Thursday, 4 February 2016

E-cig regulation in Norway: A short status update

This Christmas I was sure I was going to be able to do more writing and keep you guys up to date on the situation in Norway. I turned out quite the opposite from what I expected, and for reasons I'm not going to talk about here, I haven't been able to do much writing at all. Neither do I think there will be much time in the months to come either, but I'll try to write some updates (and some reviews) when I can. Hopefully things will change in time and I hope I can get this blog up and running full speed again some time in the future.

Anyway, as many of you might be aware of already, the Norwegian government, or actually the Ministry of Health and care services, have proposed to legalize the sale of e-cigarettes in Norway... TPD style (follow the links in that post for more background info). I find this quite important so I've tried to squeeze in a little time to give you an update now.

The Norwegian parliament
The Ministry of Health and care services have requested comments on the proposal and the deadline for replying to this was January 18th. They received quite a few interesting comments, which can all be found here for those who read Norwegian or are skilled in the use of google translate. A lot of vapers took their time to comment and express their concern, and The Norwegian Institute for Alcohol and Drug Research (SIRUS) both wrote excellent answers, clearing up misunderstandings, explaining consequences and attempted to educate the politicians in the best way possible. They've done an excellent job and hopefully some politicians will take notice and understand some of what they're going to regulate. However, for some of them, like Cecilie Brein-Karlsen I have no hope. Sadly some of our politicians (quite a few actually) believe that we do not have a choice in this at all, and that we just have to do whatever the EU tells us to do. Actually, I do think most of them are in fact aware that we have an option to use our reservation right, not being a full member of the EU, but they just don't have the balls to go against the EU in this case... or any other case for that matter. I guess they simply lack balls.


There were also quite a few others who commented on the proposal.Some like the proposal as it is, saying that they think e-cigarettes are a great idea, which shows they have no idea what this proposal will do to vaping. Others want to keep e-cigarettes with nicotine illegal and even want stricter rules. All of these seem to be pretty convinced by the gateway theory. This again shows the devastating effects of copy-paste scaremongering journalism. The only time all the evidence against the gateway theory mentioned in Norwegian media is when Karl Erik Lund from SRUS is in some way involved. He has done a great job at this, and it is also included in SIRUS' comments to the proposal. However this does not get much attention and protecting the children, avoiding a vaping boom among never smokers and even worse... 2nd hand vaping making more people smoke cigarettes seem to be the main arguments used by those who support the proposal (and those who want even stricter regulations). Some even claim that a lot of never smoking youth have already picked up vaping on a regular basis (!). They should know better than to lie about these things to be honest. And all of this despite the fact that we've seen that smoking prevalence in Norway is dropping faster than ever after snus and vaping gained popularity. When it comes to certain politicians I also suspect other motives that has nothing to do with wanting a public health gain.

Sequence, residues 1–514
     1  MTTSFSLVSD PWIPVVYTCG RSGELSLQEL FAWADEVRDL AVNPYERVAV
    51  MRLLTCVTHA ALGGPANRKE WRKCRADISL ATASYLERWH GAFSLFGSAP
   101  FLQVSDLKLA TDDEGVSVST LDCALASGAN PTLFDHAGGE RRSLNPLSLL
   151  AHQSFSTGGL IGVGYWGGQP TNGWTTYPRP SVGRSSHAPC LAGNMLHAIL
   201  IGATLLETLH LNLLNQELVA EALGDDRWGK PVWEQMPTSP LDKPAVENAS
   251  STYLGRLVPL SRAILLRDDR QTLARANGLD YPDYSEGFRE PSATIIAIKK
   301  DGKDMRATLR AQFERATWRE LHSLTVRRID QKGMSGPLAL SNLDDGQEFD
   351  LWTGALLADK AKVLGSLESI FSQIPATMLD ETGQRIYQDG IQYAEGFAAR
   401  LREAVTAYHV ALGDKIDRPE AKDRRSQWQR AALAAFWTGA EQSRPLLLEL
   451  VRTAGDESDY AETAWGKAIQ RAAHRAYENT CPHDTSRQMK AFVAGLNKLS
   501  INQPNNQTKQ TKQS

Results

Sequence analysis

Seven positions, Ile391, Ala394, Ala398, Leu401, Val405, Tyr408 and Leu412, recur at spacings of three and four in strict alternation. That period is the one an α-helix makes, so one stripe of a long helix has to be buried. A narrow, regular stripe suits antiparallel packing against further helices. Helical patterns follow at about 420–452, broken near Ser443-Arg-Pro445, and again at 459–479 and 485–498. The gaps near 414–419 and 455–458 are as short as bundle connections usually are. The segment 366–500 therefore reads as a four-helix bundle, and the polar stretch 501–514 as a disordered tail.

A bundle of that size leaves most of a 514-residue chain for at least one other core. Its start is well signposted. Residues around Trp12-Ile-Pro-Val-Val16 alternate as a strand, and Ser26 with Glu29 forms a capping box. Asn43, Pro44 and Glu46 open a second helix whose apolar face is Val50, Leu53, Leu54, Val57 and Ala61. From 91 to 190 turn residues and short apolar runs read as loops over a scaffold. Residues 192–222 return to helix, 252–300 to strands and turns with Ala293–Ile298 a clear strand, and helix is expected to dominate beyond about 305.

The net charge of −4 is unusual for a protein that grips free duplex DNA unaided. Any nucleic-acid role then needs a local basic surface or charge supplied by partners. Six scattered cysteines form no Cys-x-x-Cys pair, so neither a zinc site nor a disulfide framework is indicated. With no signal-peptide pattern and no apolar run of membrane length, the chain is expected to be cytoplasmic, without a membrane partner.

Sadly I haven't really had the time to read all the answers, I've barely scratched the surface of some of them, so the above is just based on my first impressions. However I found one answer that looked quite interesting as well, from British American Tobacco Norway. They argue against a lot of the suggestions in the proposal, like advertising bans, ban in public areas etc. and use SIRUS' answer for support as well. Have a look at this for example:
BAT endorses the views set out in SIRUS' consultation response that e-cigarettes should be regulated as ordinary consumer products, and the Ministry should, as a minimum, examine this alternative.
So that is about where we stand today. There are some very good arguments in some of the comments submitted, and there are some very bad ones, and there are quite a few lies in there as well. We can only hope that the politicians are doing their job and actually try to educate themselves, but I'm not overly optimistic when it comes to this. It's not easy to find any dates or what happens next. Still I guess this will follow regular procedure which would be the that the parliament committee will recommend an amendment to the Norwegian Tobacco Act and the parliament will the vote. Exactly when this will happen I don't know, but I guess some time before May.

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